Constantinople, Turkey; Born in Athens, Greece

Class of 1892
Course I. Civil Engineering.
Extracurriculars: Society of ‘92, Civil Engineering Society

Nicolas T. Paraschos was funny. Or at least his classmates thought so. The yearbook published by the Class of 1892 featured Paraschos’ joke, three quotes, and a story of his “experiment” included right in the Civil Engineering course history—a record number of mentions!





Despite the yearbook claims, Mr. Paraschos was not a great student. In the MIT Faculty Records (the Committee on Academic Performance records of the time), he’d been informed twice that his record was “very unsatisfactory, and that unless he make marked improvement he cannot be graduated.” And once he was “required to explain absence from examinations.”

Fortunately, Nicolas still graduated in four years (not common at the time) with a thesis titled “Experiments on Resistance of Riveted Joints to Bending.” He had just turned twenty! After graduation, Nicolas moved back to Constantinople, Turkey to become a Civil Engineer, and “few of his old friends [had] been without a hearty invitation to visit him in Constantinople.”

Alas, Nicolas’ friends never got to visit. Nicolas Theophanes Paraschos died less than a year after his graduation of typhoid fever. He was the first Class of 1892 graduate to pass away, and, highlighting his popularity, there were two obituaries about him published in one issue of The Tech. An excerpt from one of the obituaries is included below (it’s funny).

Mr. Paraschos was a prominent figure among his classmates; his was one of those characters whose memory is always the last to die out in the minds of those who knew him. He was the butt of many a good-natured joke, whose thrust, however, he always parried with that zest which simply invites another in this contrary world of ours. He was a simple gentleman, one of Nature’s own, and, though coming as he did from a far off country to cast his manly student lot with that of those whose surroundings were so different, he shone among them all by virtue of his manliness.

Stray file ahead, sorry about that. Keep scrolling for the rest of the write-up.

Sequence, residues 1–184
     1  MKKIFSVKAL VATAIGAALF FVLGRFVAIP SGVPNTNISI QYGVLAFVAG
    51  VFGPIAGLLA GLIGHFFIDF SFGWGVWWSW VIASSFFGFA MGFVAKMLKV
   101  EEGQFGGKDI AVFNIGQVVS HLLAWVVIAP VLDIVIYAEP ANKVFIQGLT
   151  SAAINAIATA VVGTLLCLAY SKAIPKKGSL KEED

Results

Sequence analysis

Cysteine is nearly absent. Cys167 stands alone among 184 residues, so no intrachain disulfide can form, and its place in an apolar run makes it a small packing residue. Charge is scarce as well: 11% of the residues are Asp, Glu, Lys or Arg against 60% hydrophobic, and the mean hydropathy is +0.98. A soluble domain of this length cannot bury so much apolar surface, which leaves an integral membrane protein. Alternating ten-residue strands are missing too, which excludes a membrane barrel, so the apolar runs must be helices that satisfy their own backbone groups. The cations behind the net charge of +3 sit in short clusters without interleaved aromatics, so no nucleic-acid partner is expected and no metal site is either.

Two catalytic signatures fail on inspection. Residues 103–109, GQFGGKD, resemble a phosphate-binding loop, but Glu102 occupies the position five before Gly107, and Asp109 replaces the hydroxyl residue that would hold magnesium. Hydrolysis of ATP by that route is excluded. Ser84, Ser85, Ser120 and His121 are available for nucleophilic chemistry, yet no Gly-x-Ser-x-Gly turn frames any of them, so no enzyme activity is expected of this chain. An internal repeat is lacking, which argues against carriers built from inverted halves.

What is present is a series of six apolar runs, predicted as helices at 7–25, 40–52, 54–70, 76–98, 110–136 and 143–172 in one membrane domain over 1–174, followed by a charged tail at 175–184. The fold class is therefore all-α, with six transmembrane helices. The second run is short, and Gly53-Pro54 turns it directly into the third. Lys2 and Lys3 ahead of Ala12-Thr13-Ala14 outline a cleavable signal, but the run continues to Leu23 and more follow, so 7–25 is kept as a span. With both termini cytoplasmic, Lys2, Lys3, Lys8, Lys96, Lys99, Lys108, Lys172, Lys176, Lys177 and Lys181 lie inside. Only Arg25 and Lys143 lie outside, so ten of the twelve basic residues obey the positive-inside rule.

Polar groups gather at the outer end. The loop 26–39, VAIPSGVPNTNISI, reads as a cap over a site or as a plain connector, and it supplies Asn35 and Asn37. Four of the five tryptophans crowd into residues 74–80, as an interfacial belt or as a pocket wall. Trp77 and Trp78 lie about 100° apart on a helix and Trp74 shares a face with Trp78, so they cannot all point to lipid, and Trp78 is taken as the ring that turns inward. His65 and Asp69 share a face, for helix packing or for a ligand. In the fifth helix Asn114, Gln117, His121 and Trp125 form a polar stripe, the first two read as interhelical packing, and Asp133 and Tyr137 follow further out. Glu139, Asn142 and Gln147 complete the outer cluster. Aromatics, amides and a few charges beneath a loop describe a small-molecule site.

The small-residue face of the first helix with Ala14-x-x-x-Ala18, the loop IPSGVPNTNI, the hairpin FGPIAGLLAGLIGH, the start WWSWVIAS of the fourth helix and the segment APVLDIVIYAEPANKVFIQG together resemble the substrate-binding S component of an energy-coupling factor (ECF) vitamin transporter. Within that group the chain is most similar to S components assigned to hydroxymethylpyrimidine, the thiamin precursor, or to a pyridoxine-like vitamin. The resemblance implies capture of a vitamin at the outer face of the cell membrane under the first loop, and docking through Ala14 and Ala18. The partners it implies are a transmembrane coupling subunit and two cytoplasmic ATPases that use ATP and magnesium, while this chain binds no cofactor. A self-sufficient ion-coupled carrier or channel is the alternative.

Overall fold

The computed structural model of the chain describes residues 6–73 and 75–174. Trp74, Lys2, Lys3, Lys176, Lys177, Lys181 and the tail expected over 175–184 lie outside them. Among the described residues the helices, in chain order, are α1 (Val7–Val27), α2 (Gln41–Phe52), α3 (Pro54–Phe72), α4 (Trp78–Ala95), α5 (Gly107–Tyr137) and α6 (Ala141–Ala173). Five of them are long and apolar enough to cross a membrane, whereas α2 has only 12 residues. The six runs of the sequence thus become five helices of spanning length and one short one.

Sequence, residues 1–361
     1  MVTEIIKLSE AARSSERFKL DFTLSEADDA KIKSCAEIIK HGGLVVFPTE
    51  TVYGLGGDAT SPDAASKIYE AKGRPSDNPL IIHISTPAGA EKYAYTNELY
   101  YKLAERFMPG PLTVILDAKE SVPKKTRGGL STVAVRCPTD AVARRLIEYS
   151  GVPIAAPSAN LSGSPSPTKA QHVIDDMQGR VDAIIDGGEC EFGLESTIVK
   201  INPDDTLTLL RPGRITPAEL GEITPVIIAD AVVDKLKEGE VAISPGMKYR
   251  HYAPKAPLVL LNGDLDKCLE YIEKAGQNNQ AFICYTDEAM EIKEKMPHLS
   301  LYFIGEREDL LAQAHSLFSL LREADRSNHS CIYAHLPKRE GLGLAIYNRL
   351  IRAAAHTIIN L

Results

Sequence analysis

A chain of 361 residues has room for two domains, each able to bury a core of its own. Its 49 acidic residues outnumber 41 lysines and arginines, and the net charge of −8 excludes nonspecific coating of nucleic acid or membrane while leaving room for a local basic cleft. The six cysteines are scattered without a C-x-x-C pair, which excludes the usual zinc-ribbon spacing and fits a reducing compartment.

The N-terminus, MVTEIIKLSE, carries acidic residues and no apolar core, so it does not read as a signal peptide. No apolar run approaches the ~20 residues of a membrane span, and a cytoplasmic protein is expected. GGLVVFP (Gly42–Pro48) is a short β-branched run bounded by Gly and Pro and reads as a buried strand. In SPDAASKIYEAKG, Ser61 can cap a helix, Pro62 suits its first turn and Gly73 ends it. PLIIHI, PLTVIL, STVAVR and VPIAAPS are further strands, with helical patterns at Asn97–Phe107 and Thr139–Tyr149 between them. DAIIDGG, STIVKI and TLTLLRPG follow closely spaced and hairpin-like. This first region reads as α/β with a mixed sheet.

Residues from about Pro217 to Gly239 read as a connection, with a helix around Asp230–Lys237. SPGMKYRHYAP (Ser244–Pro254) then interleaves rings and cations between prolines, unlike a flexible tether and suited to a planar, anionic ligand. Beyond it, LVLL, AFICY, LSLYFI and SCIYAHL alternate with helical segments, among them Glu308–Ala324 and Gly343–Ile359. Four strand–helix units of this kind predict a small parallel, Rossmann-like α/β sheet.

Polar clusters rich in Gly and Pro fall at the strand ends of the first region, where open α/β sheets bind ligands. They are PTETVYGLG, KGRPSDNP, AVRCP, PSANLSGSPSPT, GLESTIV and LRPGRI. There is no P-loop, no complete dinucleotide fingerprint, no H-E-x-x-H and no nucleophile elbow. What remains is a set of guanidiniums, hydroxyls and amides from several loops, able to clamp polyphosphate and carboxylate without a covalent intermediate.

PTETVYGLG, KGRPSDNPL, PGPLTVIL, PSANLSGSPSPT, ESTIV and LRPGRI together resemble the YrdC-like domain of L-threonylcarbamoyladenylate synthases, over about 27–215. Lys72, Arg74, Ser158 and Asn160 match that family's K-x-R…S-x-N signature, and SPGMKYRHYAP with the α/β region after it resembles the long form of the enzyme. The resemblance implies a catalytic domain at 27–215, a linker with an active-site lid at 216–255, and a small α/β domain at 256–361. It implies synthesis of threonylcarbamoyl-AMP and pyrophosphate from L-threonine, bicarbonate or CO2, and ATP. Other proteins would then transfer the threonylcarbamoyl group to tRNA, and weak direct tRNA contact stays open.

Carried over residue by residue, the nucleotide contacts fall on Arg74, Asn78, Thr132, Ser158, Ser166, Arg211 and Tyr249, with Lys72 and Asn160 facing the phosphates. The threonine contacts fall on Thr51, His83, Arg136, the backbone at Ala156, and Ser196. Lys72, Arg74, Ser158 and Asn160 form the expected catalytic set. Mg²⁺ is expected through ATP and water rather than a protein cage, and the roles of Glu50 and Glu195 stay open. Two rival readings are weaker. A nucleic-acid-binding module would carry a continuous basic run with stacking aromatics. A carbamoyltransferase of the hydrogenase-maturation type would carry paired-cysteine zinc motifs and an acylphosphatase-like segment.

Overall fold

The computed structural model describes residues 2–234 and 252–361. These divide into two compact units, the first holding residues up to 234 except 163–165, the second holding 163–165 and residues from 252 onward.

Nicolas may have been the funniest member of the Class of 1892, but I hope he is remembered also by his final communication with MIT. The letter below was published in The Tech less than a month before Nicolas’ death.


Toros Hovhannes Torossian

Born in Bardizag, Turkey; Grew up in Roustchuk, Bulgaria

Class of 1894 (originally Class of 1893)
Candidate for an Advanced Degree (graduate) and Bachelor of Science in Course I. Civil Engineering
B. A. from Robert College in Istanbul, Turkey
Extracurricular: Civil Engineering Society (with N.T. Paraschos)

For the first half of his MIT career, Toros was succeeding as both a graduate and undergraduate student. In 1890, Committee on Scholarships recommended him “for the favorable consideration of the Corporation.” In 1891, Toros’ third year at MIT, the Corporation fully covered his tuition, remarkable at a time when scholarship funds were limited. Toros was the only student that year to receive the full tuition award!